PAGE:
"There's a monster opportunity for margin for partners already successful on the storage and networking side," Seidl said in a meeting at GPC.

Looking Back On A Challenging Year

Todd Bradley, executive vice president of PSG, shown here in a press conference at GPC, thanked HP partners that stood by the company during the turmoil last fall.

"It's fair to say you've stuck with us, and grown with us, in what has been a very challenging year," Bradley said.

Though it's certainly facing some headwinds, HP remains the world's largest PC maker and is focused heavily on both new technology and advanced industrial design in its mobile PCs. "Just wait 'til you see what we do with Windows 7 and with ARM," Bradley said.

Team Mentality

Whitman has made it clear that she puts a great deal of trust in the abilities of her business unit chiefs, each of whom run businesses that would dwarf many IT vendors. Whitman is pushing hard for a more unified HP, which will be a challenge for a company that has, over the years, allowed silos to form, and harden, within its organizational structure.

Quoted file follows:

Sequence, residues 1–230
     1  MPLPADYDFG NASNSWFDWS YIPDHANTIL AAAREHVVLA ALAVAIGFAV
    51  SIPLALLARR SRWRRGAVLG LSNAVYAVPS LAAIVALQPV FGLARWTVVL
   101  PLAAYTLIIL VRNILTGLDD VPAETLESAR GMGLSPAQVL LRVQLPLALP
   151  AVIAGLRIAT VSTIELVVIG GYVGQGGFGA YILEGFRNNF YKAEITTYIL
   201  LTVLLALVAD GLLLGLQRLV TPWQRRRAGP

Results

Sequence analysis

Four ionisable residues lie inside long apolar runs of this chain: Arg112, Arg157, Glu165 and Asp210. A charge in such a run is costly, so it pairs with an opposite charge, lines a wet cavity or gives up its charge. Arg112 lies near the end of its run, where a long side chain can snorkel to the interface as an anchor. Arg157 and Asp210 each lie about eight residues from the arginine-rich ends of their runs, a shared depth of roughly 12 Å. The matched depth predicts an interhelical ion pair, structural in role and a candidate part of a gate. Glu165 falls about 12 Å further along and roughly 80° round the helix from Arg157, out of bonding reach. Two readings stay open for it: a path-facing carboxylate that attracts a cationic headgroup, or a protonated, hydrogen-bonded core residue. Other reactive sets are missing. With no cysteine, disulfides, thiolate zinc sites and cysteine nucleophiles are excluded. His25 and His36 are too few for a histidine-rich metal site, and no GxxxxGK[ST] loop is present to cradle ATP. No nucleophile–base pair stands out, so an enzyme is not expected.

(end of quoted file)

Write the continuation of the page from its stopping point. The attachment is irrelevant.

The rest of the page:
That team, which Whitman brought on stage at GPC, consists of (shown here l. to r.) Donatelli, Bradley, Joshi, Lynch and Veghte.

Unexpected Challenge

Hayley Tabor, HP Software’s vice president of business partnerships and field excellence, ran into a glitch at GPC that she never could have foreseen. Tabor had just announced a new 10 percent rebate for ESSN partners that bring HP Software partners into deals when the Aria hotel fire alarm interrupted her. She soldiered on with her presentation, even as the fire alarm continued to emit intermittent warning squawks, until the all-clear signal came over the hotel’s public address system.

Veghte later joked, "This business is so hot, our competitors have to pull the alarm to disrupt us."

Relationship Economics

David Nour, a motivational speaker and author of "Relationship Economics," spoke to GPC attendees about the importance of relationships. The rest of the world builds relationships first and then does business. But in the U.S., he noted, we tend to build relationships after we do business. He says getting to know customers should take precedence over P&L and that companies that operate with this in mind will see benefits down the road.